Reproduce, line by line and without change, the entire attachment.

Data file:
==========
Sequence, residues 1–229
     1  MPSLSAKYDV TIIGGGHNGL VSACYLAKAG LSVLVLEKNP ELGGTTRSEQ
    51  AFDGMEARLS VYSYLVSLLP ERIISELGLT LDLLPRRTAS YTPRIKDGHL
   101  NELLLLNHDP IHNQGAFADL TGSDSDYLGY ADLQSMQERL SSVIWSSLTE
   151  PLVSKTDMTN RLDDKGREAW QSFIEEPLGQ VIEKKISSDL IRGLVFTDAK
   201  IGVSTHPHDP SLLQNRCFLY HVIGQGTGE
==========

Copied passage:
Sequence, residues 1–229
     1  MPSLSAKYDV TIIGGGHNGL VSACYLAKAG LSVLVLEKNP ELGGTTRSEQ
    51  AFDGMEARLS VYSYLVSLLP ERIISELGLT LDLLPRRTAS YTPRIKDGHL
   101  NELLLLNHDP IHNQGAFADL TGSDSDYLGY ADLQSMQERL SSVIWSSLTE
   151  PLVSKTDMTN RLDDKGREAW QSFIEEPLGQ VIEKKISSDL IRGLVFTDAK
   201  IGVSTHPHDP SLLQNRCFLY HVIGQGTGE